Western Life


Lozen was a skilled warrior and prophet of the Chiricahua Apache (also known as the Warm Springs Apache) tribe in the 19th century. Born in 1840 and the sister of Victorio, also a prominent warrior, she became a legend herself.


A potent warrior, Lozen was not just a stalwart on the battlefield, her expertise also extended to medicinal matters as well. With the passage of time, she was also recognized as a spiritual leader for her people. They believed that she had the innate ability to detect the movements of her enemies. This led to her being called as the Apache Joan of Arc by her clan.

At the time of her emergence, the Apaches used the moniker of Lozen as a title and seldom used their birth names. The title was attached to those who would steal horses in a raid. The tribesmen adhered to the notion that by using this title, the leaders could conserve their spiritual prowess.

Even as a youngster, Lozen always bucked convention and held no interest in the roles that were generally assigned to females at the time, such as overseeing domestic matters. In fact, even as a young woman, the art of war and the methods of being a warrior were what piqued her interest.

This was why her brother, Victorio, gave her a martial education. Lozen also learned more about medicines and eventually combined both skill sets to great effect. By the time she turned 20, Lozen developed a talent of stealing stallions and mares, which was what earned her the title eventually.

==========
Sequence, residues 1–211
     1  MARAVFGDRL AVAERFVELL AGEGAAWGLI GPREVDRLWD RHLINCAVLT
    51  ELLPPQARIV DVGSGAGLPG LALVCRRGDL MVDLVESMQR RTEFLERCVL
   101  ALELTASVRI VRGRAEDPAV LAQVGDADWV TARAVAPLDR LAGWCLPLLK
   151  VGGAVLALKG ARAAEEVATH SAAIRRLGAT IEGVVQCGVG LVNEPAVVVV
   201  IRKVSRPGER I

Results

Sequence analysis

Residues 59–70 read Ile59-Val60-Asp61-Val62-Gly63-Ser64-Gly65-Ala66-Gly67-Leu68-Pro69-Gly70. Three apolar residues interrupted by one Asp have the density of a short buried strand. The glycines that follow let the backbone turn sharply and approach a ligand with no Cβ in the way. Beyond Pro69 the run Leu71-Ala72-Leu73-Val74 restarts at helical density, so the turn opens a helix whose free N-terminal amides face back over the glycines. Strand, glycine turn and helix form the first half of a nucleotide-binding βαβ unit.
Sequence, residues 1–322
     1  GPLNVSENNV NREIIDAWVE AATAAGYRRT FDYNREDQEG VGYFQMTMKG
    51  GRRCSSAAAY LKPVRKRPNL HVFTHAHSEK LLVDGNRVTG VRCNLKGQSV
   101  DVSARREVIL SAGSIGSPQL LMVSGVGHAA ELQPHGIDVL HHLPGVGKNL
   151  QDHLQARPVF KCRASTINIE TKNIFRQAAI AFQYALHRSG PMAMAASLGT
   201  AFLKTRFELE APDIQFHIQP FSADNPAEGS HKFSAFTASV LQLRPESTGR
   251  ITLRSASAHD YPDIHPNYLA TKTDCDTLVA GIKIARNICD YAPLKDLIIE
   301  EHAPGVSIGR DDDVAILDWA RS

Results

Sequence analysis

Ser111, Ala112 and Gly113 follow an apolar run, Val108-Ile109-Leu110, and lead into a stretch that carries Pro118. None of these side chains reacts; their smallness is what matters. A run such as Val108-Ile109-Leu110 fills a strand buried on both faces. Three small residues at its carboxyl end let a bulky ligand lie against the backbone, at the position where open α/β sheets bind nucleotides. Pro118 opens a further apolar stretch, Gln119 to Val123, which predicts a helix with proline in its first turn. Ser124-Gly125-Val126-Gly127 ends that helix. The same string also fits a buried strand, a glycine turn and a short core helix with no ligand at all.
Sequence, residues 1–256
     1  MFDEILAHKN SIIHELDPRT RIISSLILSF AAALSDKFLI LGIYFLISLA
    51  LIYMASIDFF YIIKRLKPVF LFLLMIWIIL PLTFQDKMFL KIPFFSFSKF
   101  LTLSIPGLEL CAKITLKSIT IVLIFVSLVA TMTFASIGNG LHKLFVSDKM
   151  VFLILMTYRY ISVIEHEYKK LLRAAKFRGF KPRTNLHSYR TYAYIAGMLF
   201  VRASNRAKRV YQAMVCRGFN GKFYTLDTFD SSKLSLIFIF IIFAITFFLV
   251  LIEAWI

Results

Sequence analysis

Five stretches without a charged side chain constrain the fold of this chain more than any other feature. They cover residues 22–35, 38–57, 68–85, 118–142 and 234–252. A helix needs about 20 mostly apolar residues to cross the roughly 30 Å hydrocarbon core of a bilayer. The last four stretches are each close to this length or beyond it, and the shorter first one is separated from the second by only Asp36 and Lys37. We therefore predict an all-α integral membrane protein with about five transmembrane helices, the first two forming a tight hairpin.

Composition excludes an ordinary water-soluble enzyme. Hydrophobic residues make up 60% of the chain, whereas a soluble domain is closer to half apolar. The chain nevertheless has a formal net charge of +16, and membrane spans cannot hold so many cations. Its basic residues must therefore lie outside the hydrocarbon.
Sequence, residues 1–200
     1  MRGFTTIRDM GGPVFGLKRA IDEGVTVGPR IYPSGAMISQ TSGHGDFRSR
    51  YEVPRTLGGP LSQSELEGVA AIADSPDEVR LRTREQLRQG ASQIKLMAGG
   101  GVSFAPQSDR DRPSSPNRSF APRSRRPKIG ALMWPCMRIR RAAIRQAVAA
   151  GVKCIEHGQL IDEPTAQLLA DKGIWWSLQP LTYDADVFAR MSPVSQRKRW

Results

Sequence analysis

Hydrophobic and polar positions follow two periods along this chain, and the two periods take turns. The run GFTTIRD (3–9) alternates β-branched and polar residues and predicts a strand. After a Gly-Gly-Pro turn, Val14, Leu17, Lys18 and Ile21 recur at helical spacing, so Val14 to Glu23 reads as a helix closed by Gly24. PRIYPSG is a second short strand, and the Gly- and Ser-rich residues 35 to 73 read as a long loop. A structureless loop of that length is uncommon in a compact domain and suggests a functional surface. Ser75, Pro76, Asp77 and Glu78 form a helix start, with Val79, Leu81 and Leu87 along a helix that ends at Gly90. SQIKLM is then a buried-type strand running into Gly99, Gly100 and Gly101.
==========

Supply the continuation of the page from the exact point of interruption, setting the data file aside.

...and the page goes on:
In addition, Lozen rode horses quite well and was adept at shooting also. She even fought alongside her brother Victorio and was involved in a number of council and warrior meetings too. Victorio was once quoted as saying that Lozen was his right hand, was as strong as any man and was cunning in battle also.

Tales of her expertise as a military strategist, particularly her tracking became much heralded. Legend has it that Lozen would simply stretch her arms and follow the sun. She would pray to Ussen, the Apache deity and follow her opposition.

It is also believed that when a threat was imminent, Lozen would feel a sensation in her hands and her palms would darken. Once she was able to recognize the direction from which here enemies would emerge, she would assist her tribe in evading capture.

Later Years

Lozen and her tribe faced a seismic shift in 1870, when the Apache had to relocate to the reservations. When they were residing on the San Carlos Reservation in 1877, they moved once again to find better conditions. What followed was a struggle to claim land for themselves.

Victorio perished in battle of 1880 and this persuaded Lozen to seek vengeance. She led her tribe and raided regions of New Mexico and Arizona. Ultimately, they coalesced with Geronimo, who was a war chief in the Apache ranks. Their crusades lasted a few more years until Lozen died in 1889 from tuberculosis.

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